9. Against the judgment and decree of the learned Subordinate Judge, defendants 1 and 2 have preferred the present second appeal.
10. The learned Counsel for the appellants submitted that the lower appellate court has proceeded as to whether there was undue influence in executing the settlement deed Ex. B-1 and as a matter of fact there was no such specific plea or issue with reference to undue influence. Secondly, he stated that the lower appellate court has wrongly placed the burden of proof upon the defendants in respect of proving the settlement deed. He stated that the lower appellate court has misunderstood the scope of Section 68 of the Evidence Act with reference to proof of a document required by, law to be attested when it is not specifically denied. Fourthly, he stated that several vital aspects adverted to by the trial court in coming to the finding have not been considered by the lower appellate court in coming to the contrary finding.
11. The facts as stated above by the appellants herein are that Ammayee Ammal was residing in her husband's village and wrote a letter to the first defendant to go over to her village and take her to Madras. Accordingly the first defendant went to the village and wanted to take her from the village. When he was prevented from doing so by the children of Ammayee Ammals's husband's sisters, he was able to take of the police in or about November 1958. It is in evidence that soon after she had been to Madras i.e.. on 12-11-1958. Ammayee Ammal has executed the present disputed document. On 12-1-1959, Ammayee Ammal died. Subsequent to her death, the first defendant has sold away the suit properties has arisen as to whether Ammayee Ammal's husband's sisters children are entitled to the suit properties and as to whether the settlement deed is void. It is not in dispute that in the absence of settlement deed. Ammayee Ammal's husband's sisters children are entitled to get the suit properties.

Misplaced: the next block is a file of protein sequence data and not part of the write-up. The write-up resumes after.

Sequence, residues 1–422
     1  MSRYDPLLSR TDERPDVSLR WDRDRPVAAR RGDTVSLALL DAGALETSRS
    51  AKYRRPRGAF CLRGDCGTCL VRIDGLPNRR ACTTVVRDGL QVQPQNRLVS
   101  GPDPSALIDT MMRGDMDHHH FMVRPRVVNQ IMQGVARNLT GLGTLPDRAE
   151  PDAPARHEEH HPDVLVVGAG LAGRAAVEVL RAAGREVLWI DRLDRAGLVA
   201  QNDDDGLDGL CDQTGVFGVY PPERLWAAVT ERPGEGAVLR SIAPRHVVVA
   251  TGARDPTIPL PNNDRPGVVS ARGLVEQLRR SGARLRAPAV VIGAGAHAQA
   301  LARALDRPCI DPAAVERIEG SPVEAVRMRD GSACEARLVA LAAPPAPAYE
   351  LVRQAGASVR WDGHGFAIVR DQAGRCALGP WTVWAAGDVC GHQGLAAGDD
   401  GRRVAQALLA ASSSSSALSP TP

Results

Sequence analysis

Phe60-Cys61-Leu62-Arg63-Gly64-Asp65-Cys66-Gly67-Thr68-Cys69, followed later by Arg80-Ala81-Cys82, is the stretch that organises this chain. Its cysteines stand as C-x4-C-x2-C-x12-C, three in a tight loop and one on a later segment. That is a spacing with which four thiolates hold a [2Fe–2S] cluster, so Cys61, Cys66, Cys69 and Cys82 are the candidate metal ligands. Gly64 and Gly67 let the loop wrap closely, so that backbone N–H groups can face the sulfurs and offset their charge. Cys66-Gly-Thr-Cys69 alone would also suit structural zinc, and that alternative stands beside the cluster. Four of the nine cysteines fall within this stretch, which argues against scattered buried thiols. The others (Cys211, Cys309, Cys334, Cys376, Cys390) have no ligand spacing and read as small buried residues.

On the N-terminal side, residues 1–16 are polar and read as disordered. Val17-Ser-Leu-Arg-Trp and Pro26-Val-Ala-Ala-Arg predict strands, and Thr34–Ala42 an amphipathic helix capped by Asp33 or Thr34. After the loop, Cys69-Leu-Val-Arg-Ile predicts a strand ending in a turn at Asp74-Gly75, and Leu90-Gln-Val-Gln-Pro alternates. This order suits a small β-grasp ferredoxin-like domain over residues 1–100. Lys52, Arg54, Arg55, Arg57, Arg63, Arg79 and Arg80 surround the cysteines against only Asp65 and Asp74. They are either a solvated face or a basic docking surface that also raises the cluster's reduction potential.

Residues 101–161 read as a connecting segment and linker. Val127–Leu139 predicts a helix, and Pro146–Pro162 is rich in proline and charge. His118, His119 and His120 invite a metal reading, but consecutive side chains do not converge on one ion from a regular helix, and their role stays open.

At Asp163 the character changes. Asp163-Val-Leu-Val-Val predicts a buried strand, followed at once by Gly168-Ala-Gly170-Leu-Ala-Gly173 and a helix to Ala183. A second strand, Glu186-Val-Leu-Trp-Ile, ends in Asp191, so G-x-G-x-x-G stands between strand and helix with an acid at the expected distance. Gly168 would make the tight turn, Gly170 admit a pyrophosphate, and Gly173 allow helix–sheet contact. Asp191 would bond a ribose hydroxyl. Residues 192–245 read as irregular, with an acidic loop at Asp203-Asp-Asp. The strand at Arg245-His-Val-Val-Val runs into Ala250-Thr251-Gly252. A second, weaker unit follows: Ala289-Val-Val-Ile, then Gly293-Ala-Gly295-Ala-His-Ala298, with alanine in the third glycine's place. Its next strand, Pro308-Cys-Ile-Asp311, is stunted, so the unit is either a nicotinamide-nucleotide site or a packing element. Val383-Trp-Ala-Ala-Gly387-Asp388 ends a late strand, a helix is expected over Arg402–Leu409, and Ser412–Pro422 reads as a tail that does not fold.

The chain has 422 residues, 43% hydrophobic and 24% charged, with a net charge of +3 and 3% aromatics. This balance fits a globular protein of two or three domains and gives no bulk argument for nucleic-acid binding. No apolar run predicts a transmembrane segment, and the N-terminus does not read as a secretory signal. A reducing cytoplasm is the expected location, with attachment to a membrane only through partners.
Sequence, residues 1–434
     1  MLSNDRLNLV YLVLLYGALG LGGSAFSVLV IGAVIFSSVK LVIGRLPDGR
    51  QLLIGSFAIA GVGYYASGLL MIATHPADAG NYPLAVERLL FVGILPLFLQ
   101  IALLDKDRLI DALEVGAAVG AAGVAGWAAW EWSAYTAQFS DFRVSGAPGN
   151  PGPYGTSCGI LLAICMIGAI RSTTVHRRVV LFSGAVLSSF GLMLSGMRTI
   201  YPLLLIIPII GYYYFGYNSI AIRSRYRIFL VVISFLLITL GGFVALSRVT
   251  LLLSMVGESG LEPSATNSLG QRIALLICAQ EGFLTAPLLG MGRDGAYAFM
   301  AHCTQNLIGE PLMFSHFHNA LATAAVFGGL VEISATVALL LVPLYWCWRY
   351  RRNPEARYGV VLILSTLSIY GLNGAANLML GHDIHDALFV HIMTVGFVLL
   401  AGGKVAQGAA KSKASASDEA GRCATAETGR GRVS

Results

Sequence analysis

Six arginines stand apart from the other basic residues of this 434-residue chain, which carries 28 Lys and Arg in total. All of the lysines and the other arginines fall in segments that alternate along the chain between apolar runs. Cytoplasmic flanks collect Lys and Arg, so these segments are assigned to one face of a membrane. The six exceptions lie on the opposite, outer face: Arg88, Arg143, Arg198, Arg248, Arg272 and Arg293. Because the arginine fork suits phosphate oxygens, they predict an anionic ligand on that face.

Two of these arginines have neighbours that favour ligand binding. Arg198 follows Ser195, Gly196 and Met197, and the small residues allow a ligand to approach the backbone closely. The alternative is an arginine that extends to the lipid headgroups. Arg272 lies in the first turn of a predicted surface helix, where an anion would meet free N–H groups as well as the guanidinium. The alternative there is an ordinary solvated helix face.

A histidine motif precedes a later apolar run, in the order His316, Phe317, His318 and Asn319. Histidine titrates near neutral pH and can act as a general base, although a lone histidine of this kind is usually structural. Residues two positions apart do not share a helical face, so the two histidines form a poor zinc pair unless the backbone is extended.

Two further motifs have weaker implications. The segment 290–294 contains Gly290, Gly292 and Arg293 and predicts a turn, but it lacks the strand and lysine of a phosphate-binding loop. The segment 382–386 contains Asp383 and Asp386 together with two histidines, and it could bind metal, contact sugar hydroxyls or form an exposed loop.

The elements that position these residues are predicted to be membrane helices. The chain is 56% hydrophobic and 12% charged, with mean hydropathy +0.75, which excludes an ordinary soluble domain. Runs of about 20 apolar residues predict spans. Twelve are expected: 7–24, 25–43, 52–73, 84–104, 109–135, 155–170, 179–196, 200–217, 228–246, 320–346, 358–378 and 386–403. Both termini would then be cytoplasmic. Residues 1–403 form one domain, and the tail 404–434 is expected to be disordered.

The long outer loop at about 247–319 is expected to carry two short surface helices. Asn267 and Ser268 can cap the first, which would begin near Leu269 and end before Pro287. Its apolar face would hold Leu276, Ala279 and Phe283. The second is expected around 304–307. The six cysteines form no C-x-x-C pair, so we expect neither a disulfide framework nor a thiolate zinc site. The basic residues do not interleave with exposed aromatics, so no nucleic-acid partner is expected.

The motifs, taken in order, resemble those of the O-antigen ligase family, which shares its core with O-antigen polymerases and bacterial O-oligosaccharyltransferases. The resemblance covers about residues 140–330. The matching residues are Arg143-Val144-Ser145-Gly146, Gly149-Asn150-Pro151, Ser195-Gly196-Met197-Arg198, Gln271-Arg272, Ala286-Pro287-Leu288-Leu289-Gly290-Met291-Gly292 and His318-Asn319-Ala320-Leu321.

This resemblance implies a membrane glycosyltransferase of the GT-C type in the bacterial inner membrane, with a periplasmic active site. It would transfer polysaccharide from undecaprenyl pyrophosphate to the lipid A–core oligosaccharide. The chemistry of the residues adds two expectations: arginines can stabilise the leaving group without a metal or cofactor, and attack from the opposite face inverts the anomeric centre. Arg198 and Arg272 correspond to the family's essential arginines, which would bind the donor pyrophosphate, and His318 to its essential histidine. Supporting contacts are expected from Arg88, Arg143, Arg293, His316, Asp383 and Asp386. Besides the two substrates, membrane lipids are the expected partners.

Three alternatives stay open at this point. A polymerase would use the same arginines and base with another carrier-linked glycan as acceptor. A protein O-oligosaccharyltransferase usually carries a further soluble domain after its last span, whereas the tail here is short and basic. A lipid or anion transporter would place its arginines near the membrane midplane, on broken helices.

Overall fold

12. With the above facts, I have considered the submission made by the learned counsel for the appellants. The plaint proceeds on the basis that the settlement deed is void on one or the other ground of undue influence, coercion or fraud, The trial court has also taken up the issue as to whether the settlement deed by Ammayee Ammal to the first defendant is true or is void and liable to be set aside for all or any of the reasons mentioned in the plaint, in paragraph 16 of the trial court's judgment, the trial court has stated that it has to find out as to whether the settlement deed is not a voluntary act of Ammayee Ammal. The trial court, after discussing the evidence on record and reading the decision in Inche Noria v. Sk. Allie Bin Omer, 56 MLJ 349 : AIR 1924 PC 3 has stated that is not impressed with this argument because the first defendant can never be said to have had control over the actions of Ammayee Ammal and that Ammayee Ammal has executed the settlement deed our to her free will and volition. Hence the argument of the learned counsel for the appellant that the plea of undue influence was not the issue before the trail court cannot hold good.